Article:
This excerpt from Richard Heinberg’s latest book, Afterburn: Society Beyond Fossil Fuels is heavy reading, but necessary.
It isn’t possible to summarize briefly, so I’ll extract three chunks. The first paragraph aptly sets the scene.
Fight of the Century: Localization in a Globalized World, by Richard Heinberg (Common Dreams)
As the world economy crashes against debt and resource limits, many countries are responding by attempting to salvage what are actually their most expendable features—corrupt, insolvent banks and bloated militaries—while leaving the majority of their people to languish in “austerity.” This has resulted in a series of uprisings, taking a variety of forms in different nations. Such conditions and responses will lead, sooner or later, to social as well as economic upheaval—and a collapse of the support infrastructure on which billions depend for their very survival.
As such, the emphasis returns to local strategies.
Thinking in terms of simplification, contraction, and decentralization is more accurate and helpful, and probably less scary, than contemplating collapse. It also opens avenues for foreseeing, reshaping, and even harnessing inevitable social processes so as to minimize hardship and maximize possible benefits.
I’m especially struck by Heinberg’s description of popular uprisings and their likelihood. It is a them only recently considered by local writer Erica Rucker in LEO Weekly: America is burning: indignation and the end of civility.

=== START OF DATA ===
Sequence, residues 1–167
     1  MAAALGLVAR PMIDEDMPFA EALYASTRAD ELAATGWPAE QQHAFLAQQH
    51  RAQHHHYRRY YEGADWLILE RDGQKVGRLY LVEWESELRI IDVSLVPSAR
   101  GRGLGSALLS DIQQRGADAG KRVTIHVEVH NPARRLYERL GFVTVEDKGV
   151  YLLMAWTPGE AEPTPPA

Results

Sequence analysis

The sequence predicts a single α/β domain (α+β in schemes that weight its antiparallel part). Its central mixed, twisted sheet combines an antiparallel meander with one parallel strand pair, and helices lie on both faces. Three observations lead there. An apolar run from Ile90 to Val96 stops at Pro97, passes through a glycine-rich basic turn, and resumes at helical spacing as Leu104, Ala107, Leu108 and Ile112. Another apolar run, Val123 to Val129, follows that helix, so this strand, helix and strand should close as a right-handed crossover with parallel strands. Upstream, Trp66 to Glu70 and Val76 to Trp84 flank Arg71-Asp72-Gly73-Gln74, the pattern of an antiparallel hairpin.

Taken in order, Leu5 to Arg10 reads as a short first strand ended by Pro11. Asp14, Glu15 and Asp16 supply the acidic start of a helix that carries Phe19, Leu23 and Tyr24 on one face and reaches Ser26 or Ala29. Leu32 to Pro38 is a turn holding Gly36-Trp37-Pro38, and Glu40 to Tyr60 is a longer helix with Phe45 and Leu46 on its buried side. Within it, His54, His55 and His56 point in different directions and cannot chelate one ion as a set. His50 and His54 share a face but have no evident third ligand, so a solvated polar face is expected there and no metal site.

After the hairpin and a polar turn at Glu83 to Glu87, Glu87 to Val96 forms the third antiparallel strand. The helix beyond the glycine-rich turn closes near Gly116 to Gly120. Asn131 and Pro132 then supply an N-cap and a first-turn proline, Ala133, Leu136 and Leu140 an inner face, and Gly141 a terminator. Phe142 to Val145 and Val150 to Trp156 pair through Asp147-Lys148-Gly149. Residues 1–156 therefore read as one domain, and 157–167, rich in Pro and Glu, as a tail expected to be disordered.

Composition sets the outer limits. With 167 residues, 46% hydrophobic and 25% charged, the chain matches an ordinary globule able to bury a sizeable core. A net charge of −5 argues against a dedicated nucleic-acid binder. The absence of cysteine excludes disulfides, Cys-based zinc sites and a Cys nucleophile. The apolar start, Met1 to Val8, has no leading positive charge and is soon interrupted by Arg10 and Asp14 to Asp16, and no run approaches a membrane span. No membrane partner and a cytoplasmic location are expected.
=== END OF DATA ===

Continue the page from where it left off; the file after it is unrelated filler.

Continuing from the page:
A global popular uprising is the predictable result of governments’ cuts in social services, their efforts to shield wealthy investors from consequences of their own greed, and rising food and fuel prices. In recent years, recurring protests have erupted in Africa, the Middle East, Asia, Europe, and North America. The long-range aims of protesters are in many cases unformulated or unarticulated, but the immediate reasons for the protests are not hard to discern. As food and fuel prices squeeze, poor people naturally feel the pinch first. When the poor are still able to get by, they are often reluctant to risk assembling in the street to oppose corrupt, entrenched regimes. When they can no longer make ends meet, the risks of protest seem less significant—there is nothing to lose; life is intolerable anyway. Widespread protest opens the opportunity for needed political and economic reforms, but it also leads to the prospect of bloody crackdowns and reduced social and political stability.
“When the poor are still able to get by” reminds me of another bit of timeless wisdom.
Mankind are more disposed to suffer, while evils are sufferable, than to right themselves by abolishing the forms to which they are accustomed.
You may recognize it. That’s Thomas Jefferson.
(Thanks to Jeff G for the link)